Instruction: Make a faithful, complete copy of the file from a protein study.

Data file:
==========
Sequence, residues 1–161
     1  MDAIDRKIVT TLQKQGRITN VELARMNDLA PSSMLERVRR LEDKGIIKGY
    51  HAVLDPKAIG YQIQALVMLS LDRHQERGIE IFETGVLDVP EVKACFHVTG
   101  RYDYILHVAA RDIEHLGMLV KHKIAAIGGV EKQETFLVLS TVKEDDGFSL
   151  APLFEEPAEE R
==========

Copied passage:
Sequence, residues 1–161
     1  MDAIDRKIVT TLQKQGRITN VELARMNDLA PSSMLERVRR LEDKGIIKGY
    51  HAVLDPKAIG YQIQALVMLS LDRHQERGIE IFETGVLDVP EVKACFHVTG
   101  RYDYILHVAA RDIEHLGMLV KHKIAAIGGV EKQETFLVLS TVKEDDGFSL
   151  APLFEEPAEE R